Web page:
Still it is an interesting dilemma. As always, I think culture plays a role by shaping our disgust response which I would argue builds upon essentialist notions. We don’t hold these notions for cows and goats but humans are another matter. That’s why the Swiss authorities are still baffled by the apparent loophole in the law that allows Mr Locher to serve human milk. No one thought that it would ever be an issue. Maybe they should start considering other bodily parts. Finger nibbles anyone?


Filed under In the News, Newspaper, Weird Story of the Week

Genes for Superstition????

I was delighted to see that “SuperSense” got a plug in today’s “Independent.” Dr Kevin Foster and Dr Hanna Kokko have published a paper on the evolution of superstitious behavior in the prestigious journal, Proceedings of the Royal Society. By applying cost benefit mathematical modeling they have been able to show how superstitious behavior could evolve as an adaptation. In other words there could be genes that build brains that lead to superstition.

Specifically, they have argued that superstitions arise from a common error of reasoning where humans make wrong assumptions about cause and effect. Very often when two events happen close in time, the natural tendency is to assume that they are causally related. For example, imagine that you have a surprisingly good day on the tennis court or at the poker table. How do you explain it? What did you do differently from the day before? Maybe it was the mismatching socks you wore? So you repeat the odd socks routine and very soon you have developed your own personal superstition.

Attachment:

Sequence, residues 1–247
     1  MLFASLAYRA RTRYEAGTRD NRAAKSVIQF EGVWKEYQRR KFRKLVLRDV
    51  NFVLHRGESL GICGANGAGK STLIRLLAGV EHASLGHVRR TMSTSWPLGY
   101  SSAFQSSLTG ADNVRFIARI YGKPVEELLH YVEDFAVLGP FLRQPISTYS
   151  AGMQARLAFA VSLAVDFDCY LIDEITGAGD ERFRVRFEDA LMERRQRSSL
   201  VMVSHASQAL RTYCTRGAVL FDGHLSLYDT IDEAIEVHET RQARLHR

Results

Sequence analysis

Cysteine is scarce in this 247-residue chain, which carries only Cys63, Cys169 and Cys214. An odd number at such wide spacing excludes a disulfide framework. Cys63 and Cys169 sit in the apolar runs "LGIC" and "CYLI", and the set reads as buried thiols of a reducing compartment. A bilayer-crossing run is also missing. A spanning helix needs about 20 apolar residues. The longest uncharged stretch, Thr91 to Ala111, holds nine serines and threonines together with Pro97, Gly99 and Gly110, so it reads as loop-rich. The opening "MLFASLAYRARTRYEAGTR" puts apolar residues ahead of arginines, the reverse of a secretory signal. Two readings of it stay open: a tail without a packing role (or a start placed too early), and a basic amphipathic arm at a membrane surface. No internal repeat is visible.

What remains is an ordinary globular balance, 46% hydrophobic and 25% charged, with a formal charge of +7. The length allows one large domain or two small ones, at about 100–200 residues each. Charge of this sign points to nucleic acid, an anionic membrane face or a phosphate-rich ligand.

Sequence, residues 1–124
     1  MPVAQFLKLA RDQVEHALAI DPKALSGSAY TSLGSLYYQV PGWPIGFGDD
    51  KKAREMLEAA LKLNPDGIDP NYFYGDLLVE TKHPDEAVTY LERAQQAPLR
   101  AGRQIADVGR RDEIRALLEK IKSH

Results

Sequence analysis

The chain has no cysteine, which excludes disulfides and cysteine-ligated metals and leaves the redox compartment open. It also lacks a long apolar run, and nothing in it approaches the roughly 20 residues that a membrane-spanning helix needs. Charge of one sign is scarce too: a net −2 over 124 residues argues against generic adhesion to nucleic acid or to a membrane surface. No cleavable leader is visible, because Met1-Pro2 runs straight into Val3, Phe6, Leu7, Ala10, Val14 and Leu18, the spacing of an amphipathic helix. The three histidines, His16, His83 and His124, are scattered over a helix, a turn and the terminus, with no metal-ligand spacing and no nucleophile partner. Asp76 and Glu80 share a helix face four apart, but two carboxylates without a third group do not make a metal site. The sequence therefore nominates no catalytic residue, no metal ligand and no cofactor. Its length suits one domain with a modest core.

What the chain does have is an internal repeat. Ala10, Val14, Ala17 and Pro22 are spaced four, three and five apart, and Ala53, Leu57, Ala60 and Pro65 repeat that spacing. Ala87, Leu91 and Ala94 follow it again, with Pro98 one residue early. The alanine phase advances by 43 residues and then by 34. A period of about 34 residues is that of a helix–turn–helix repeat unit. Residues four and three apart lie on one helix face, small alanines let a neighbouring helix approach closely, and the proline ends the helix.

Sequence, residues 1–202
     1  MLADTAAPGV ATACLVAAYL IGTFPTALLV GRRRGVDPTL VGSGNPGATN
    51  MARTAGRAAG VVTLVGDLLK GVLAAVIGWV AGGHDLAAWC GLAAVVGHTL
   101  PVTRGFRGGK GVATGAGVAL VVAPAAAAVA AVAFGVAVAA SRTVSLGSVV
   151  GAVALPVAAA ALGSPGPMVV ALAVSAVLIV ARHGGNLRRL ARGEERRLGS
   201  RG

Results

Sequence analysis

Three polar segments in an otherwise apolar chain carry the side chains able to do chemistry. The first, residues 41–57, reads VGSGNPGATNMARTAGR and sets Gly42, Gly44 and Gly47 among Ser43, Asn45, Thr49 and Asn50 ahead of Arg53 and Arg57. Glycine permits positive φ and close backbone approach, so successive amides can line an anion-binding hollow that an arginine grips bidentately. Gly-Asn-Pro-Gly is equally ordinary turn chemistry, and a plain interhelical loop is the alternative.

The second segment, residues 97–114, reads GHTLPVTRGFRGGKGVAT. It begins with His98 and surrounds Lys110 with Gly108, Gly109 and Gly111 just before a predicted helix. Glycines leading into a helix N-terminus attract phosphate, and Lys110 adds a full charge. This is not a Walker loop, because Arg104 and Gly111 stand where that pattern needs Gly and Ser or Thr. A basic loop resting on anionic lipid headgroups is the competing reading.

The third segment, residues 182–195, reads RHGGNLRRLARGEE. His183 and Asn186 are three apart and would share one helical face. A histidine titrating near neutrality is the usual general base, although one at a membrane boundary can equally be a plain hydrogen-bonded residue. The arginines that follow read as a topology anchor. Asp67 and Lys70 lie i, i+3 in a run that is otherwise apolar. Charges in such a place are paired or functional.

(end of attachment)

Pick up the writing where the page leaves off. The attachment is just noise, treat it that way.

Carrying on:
Foster and Kokko argue that just like altruism (something that has also been similarly modeled and talked about in Dawkin’s “The Selfish Gene”) so long as the mismatching mechanism in the brain occasionally gets it right then this can outweigh all the times superstitions get it wrong. And they have proven this mathematically. “The results are clear,” Foster says. “Being superstitious makes sense in an uncertain world.”